A stroke is one of the most debilitating medical emergencies a person can suffer, making prevention a priority for Americans as they get older. According to a study conducted by a team of British researchers, increasing the amount of fiber in your diet may help reduce your stroke risk.
The 20-year project was conducted at the Center for Epidemiology and Biostatistics, which is part of the U.K.’s University of Leeds. Scientists working on the study pored over medical records and conducted surveys, exploring each participant’s daily fiber intake.
The findings, which were released earlier this week, suggest that for every seven grams of fiber a person eats, their chances of suffering a stroke could drop by a corresponding 7 percent. While not conclusive in its own right, the results build upon previous medical research that has shown a connection between fiber consumption and a lower risk of developing cardiovascular conditions, such as coronary heart disease.
“This is important because most people in the U.S. do not eat enough fiber-rich foods,” Victoria Burley, a co-author on the project, said in press release. “Total dietary fiber intake should be 25 to 30 grams a day from food, but on average people in the United States are getting only half this amount.”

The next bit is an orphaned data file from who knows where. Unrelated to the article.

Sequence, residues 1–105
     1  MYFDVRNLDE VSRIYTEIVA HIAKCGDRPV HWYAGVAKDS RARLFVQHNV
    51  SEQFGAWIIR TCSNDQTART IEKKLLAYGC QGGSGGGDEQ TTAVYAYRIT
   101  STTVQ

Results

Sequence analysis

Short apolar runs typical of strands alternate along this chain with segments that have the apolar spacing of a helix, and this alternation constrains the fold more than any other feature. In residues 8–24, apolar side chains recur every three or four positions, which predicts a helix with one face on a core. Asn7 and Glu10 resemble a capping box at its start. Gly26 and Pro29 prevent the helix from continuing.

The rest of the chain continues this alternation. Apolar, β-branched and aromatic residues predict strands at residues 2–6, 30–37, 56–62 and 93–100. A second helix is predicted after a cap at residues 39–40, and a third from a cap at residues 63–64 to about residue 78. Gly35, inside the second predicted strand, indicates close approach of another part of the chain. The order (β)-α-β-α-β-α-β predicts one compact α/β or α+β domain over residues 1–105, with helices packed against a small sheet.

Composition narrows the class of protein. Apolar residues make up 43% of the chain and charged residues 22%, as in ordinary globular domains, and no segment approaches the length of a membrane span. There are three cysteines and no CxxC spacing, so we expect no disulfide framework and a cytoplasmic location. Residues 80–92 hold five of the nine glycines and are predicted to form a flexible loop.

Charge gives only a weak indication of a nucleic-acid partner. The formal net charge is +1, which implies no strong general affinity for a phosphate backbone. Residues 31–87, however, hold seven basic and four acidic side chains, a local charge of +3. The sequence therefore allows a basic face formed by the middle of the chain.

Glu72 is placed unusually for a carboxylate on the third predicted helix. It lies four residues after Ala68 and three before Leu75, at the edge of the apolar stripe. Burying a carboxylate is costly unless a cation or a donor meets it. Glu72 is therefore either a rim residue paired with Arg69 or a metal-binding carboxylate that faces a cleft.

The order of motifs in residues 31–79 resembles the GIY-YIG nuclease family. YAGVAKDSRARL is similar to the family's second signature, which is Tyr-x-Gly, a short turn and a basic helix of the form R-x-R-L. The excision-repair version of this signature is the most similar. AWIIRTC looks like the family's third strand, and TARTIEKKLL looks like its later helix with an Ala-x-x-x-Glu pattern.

Burley went on to say that even small steps like adding more fruits and vegetables to your diet can have a big impact on whether or not you have a stroke later in life. By taking steps to improve food habits, people can potentially avoid certain preventable medical conditions.
You can learn more about the health benefits of eating right by continuing to explore our blog. You might also want to look into acquiring a life insurance policy, as this type of financial security can be extremely helpful for your loved ones if something should happen to you. To apply for life insurance online, visit LifeInsure.com today.
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